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Renewed call for greater role in external affairs

Minister repeats call for enhanced international development powers

Speaking at international development events in Geneva yesterday, Minister for External Affairs and International Development, Humza Yousaf, has renewed calls for Scotland to have a greater voice on the global stage.

The Scottish Government submitted proposals last month to the Smith Commission for enhanced powers to do more to tackle key issues like international development.

Mr Yousaf said:

“Scotland has always been an outward looking nation, and is a good global citizen, as demonstrated through our world-leading climate justice work and our international development contributions. We are aware of our responsibilities to the wider world, and are already making a real difference to some of the world’s most vulnerable people.

“The Scottish Government has committed £9 million annually from its budget to international development. This includes support for our seven priority countries through the Malawi, the Subsaharan, and the South Asia Development Programmes, which fund projects ranging from food security and climate change, to maternal health, renewable energy and economic development.

“Our innovative partnership approach to International Development in Malawi allows us to align our funding to the priorities of the Government of Malawi, and harness existing civil society links in order to bring lasting benefits to people in both Malawi and Scotland.

“Our own actions at home have not escaped recognition, with UN Secretary-General Ban Ki-Moon praising Scotland’s leadership on climate change and our commitment to renewable energy. In July, coinciding with the start of the Glasgow 2014 Commonwealth Games, we hosted the European launch of the UN Decade of Sustainable Energy for All (SE4ALL).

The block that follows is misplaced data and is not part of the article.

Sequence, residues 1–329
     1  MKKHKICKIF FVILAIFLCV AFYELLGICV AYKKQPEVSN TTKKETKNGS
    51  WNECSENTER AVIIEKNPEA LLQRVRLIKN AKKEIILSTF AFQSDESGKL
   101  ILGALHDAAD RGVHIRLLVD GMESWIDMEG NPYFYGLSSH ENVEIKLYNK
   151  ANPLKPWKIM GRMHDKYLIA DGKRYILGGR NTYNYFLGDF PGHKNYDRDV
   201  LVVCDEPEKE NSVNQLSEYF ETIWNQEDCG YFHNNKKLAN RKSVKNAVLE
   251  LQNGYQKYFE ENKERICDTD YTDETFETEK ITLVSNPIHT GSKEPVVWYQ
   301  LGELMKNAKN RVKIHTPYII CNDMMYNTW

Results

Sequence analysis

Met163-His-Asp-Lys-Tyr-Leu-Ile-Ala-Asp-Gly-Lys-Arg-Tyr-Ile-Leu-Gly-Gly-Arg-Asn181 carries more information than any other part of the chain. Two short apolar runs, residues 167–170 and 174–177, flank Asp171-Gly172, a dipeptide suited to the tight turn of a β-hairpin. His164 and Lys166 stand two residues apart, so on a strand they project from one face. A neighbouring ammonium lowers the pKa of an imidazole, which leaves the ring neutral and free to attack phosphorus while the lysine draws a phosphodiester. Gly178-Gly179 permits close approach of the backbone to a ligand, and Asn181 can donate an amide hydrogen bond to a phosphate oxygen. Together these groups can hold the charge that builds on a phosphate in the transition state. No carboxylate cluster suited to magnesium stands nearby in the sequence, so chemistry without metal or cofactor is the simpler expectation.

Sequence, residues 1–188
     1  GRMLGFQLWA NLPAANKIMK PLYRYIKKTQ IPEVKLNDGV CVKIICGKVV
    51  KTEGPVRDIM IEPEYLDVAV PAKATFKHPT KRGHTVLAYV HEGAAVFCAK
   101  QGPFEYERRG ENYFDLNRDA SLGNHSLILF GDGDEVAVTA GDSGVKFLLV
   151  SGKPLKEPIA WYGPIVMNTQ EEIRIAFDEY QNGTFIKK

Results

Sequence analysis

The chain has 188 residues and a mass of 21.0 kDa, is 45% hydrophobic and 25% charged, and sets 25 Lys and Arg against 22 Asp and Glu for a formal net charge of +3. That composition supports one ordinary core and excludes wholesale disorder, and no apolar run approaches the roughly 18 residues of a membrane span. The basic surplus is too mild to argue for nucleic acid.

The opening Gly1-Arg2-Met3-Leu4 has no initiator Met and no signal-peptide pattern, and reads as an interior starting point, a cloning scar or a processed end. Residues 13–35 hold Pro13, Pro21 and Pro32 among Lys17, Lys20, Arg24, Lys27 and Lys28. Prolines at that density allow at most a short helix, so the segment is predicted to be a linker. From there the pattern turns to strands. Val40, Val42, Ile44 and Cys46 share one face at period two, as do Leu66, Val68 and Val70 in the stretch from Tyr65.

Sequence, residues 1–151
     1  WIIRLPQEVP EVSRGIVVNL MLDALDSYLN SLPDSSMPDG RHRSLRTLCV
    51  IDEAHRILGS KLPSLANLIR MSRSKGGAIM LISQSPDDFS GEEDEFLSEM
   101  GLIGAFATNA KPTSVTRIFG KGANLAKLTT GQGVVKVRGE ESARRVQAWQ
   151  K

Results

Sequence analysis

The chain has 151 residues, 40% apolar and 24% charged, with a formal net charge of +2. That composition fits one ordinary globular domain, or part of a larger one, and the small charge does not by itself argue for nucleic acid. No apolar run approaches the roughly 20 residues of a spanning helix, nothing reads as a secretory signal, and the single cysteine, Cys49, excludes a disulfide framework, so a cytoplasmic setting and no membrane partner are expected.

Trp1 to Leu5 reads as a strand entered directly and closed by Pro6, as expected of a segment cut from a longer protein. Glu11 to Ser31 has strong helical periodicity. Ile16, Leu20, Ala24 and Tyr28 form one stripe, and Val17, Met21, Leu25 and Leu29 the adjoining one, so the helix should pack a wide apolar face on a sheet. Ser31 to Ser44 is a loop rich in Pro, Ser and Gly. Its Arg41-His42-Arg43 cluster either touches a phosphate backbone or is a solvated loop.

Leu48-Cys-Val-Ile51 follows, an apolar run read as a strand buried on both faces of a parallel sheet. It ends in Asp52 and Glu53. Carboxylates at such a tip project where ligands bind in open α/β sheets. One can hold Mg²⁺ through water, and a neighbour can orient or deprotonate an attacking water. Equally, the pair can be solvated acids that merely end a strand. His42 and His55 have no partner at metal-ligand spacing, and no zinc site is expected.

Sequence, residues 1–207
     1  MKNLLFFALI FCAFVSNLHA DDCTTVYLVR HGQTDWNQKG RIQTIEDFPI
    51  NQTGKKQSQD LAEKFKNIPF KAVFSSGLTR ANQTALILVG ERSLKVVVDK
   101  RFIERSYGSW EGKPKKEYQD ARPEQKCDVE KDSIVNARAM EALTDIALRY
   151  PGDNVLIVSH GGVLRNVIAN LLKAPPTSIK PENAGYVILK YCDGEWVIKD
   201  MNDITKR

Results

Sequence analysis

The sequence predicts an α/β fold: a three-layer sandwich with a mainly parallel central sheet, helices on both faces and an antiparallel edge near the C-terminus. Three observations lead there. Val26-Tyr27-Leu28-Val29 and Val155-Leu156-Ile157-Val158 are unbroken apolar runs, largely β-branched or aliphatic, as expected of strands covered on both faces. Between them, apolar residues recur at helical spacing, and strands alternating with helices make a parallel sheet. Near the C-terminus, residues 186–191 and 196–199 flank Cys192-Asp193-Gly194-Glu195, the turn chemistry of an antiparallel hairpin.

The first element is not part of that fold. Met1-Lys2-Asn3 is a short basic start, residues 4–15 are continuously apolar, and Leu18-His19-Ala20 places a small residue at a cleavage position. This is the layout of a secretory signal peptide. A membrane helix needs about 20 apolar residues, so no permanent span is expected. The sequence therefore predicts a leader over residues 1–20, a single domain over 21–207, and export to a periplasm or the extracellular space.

“We want to continue to pioneer and punch above our weight, by sharing our knowledge, skills and technical expertise in areas like climate change and renewable energy, education, health improvement, human rights and research. Scotland’s distinctive international development approach holds partnership working at its core, and is focussed on achieving real and tangible on-the-ground results.

“The Scottish Government intends to play a full and constructive part in the Smith Commission process to deliver substantial new powers for the Scottish Parliament.

“Scotland can be a global leader in the way it approaches international development, building on its connections – historic and modern – with particular developing countries.

“Our submission states that Scotland should be able to work with certainty and stability for the people and countries it engages with through its current international development activity. This should be given legislative underpinning, rather than relying on permission from the UK Government that can be removed at any time.

“We have also called for a proportionate share of the UK’s Overseas Development Assistance budget for relevant countries. This would enable Scotland to do much more to help fight poverty in developing nations, through the same targeted, effective, efficient and innovative approach currently deployed.”

The Minister this morning spoke at an international development executive roundtable discussion on "The Scottish Approach and Contribution to International Development and the Potential for Greater Devolution".

The discussions in Geneva aimed to raise awareness of the Scottish approach and contribution in international development, as well as seek views from other European actors on developing the Scottish Government's international development policy.

Mr Yousaf is also this afternoon addressing a group of international experts at a climate justice event hosted by the Scottish Government and UNITAR (United Nations Institute for Training and Research) at the Palais des Nations. In addition to its International Development Fund, the Scottish Government has a distinct, world-first £6 million Climate Justice Fund. This supports projects on climate change adaptation, especially water resource management. It has attracted international praise including from highly respected figures such as Archbishop Desmond Tutu and Mary Robinson.

The Scottish Government’s submission to the Smith Commission sets out that Scotland should have the power to engage internationally to protect, enshrine and promote human rights and to act to secure equality and social justice for all. Through this Scotland can build on the work undertaken in international development, gender equality and climate justice.


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